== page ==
(I doubt a court would view a verbal promise " on his daughter's life" to be as binding as a signed personal guarantee!)

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But as the director of the company if he is requested to attend court to prove the companies finances/assets etc, would I not be able to pursue him personally then if the companies bank accounts show the company was paid more then enough money to cover the debt long after the debt was owed. Would that not show he has personally attempted to defraud/avoid paying the debt as suggested in the earlier link by 'steampowered'?

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But as the director of the company if he is requested to attend court to prove the companies finances/assets etc, would I not be able to pursue him personally then if the companies bank accounts show the company was paid more then enough money to cover the debt long after the debt was owed. Would that not show he has personally attempted to defraud/avoid paying the debt as suggested in the earlier link by 'steampowered'?

 

See SP's previous post.

Is the company dissolved??

 

He is only personally liable if he allowed the company to continue to trade while insolvent.

 

If, instead, he paid himself dividends in preference to other creditors before declaring the company insolvent, the route is to get a liquidator appointed and the dividends reversed.

This is complicated if the company had been dissolved, and if any dissolution occurred prior to the court claim being served. What were the timings?

 

Getting a liquidator appointed could be costly, and in the end : does he have resources worth going after?

If he has taken the money as dividend and dissipated it : no point in trying to get blood from a stone.

 

If he took dividend and spent it so that he is sitting on recoverable assets : it MIGHT be worth considering.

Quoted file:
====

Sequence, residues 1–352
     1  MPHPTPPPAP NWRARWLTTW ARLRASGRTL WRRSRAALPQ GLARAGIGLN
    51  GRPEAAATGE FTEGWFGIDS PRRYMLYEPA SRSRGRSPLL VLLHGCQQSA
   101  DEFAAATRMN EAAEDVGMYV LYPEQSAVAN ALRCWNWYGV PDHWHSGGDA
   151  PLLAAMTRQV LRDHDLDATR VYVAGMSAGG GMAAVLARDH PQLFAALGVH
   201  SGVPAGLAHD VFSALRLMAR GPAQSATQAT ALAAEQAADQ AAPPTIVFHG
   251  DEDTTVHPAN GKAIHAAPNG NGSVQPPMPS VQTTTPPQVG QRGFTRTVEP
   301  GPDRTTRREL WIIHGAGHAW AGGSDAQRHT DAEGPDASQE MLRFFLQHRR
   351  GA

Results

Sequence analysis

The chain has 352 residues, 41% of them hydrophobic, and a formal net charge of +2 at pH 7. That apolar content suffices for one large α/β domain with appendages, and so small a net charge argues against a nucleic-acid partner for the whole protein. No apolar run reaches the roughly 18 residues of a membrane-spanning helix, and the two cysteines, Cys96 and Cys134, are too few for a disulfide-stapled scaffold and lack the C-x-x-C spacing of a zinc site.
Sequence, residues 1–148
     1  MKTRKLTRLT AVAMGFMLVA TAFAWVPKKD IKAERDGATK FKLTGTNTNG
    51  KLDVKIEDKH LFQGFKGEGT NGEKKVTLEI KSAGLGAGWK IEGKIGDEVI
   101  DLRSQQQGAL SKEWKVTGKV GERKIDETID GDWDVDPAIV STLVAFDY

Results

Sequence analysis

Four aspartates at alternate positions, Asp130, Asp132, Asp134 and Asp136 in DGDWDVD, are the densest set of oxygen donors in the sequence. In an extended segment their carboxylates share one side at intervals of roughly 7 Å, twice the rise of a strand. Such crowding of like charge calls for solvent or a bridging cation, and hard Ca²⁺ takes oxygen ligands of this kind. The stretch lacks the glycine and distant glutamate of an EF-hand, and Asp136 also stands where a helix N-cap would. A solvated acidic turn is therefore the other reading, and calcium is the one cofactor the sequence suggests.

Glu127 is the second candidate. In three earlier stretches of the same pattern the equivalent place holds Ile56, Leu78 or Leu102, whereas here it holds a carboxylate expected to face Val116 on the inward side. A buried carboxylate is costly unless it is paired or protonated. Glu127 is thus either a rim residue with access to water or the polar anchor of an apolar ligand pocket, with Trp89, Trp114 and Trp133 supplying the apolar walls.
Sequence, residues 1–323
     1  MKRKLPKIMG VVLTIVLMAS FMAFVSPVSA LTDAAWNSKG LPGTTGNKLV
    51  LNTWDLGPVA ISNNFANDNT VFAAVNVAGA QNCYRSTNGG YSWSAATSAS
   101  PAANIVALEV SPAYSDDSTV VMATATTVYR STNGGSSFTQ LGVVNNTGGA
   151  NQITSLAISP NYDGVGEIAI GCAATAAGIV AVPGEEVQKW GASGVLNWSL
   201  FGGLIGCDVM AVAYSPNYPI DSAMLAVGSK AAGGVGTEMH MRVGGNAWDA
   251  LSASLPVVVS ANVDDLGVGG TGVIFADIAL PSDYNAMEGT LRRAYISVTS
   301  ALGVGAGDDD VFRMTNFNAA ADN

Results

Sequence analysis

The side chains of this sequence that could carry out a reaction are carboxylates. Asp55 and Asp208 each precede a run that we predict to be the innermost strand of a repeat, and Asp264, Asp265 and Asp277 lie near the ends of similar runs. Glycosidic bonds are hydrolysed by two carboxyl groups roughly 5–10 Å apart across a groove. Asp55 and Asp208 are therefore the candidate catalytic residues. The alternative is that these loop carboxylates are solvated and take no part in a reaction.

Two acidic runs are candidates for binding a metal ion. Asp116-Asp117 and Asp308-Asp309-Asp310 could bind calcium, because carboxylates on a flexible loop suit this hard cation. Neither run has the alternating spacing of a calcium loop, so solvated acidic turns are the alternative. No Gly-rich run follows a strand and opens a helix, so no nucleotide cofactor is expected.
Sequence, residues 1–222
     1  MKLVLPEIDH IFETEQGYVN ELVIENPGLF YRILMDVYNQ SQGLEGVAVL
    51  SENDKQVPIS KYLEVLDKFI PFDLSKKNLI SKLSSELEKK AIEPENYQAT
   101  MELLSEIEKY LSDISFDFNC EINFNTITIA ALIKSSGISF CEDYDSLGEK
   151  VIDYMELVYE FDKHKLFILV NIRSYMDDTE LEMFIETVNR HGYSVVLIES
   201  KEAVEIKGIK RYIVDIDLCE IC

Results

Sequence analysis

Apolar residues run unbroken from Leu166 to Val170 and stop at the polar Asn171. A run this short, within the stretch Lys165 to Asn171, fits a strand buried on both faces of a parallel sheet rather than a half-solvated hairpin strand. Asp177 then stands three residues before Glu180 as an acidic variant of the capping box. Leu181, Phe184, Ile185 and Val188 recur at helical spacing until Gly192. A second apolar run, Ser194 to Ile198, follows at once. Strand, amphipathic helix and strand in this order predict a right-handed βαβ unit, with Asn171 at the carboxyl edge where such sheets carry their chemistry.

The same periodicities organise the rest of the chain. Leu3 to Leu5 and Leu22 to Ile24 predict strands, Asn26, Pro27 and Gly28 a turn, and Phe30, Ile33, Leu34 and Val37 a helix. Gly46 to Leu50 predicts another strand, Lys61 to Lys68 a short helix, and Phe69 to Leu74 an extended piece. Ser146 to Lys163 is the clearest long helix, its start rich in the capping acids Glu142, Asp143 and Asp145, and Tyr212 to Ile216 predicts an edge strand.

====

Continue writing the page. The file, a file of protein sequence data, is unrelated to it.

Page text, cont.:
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No, the company hasnt dissolved as yet but I expect its probably if not already in the process of then will be soon.

 

It starting to sound like it is a lost cause then with any chance, even slim at that going to cost a lot of money and even then I may still get nothing back. Why does the law allow people to get away with this??

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No, the company hasnt dissolved as yet but I expect its probably if not already in the process of then will be soon.

 

It starting to sound like it is a lost cause then with any chance, even slim at that going to cost a lot of money and even then I may still get nothing back. Why does the law allow people to get away with this??

 

Because you could have protected yourself with a personal guarantee? Or obtaining security over company property ?

 

Because there are public policy reasons to allow limited liability, not to encourage cheating but to encourage entrepreneurship - otherwise many people wouldn't take the chance of setting up companies , and the economy would be dire (/ more dire, depending on your viewpoint)

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Sadly personal guarantees are non-existant in this line/field of work, although we are deemed to be 'self employed' more for tax reasons then anything its no different then an employee not being paid by an employer, no employee asks for a guarantee that they will be paid when the start a job do they. I believe as an 'employee' though which I am not seen as one by the law/government, there is a fund to reclaim any lost earnings etc which makes this situation even more of a bitter pill to swallow. The irony is that I did work for this company once before and got paid without any problems on that occasion but unfortunately this time when he realised (after 2 weeks) that he had underpriced the job he walked away cutting his loses so to speak.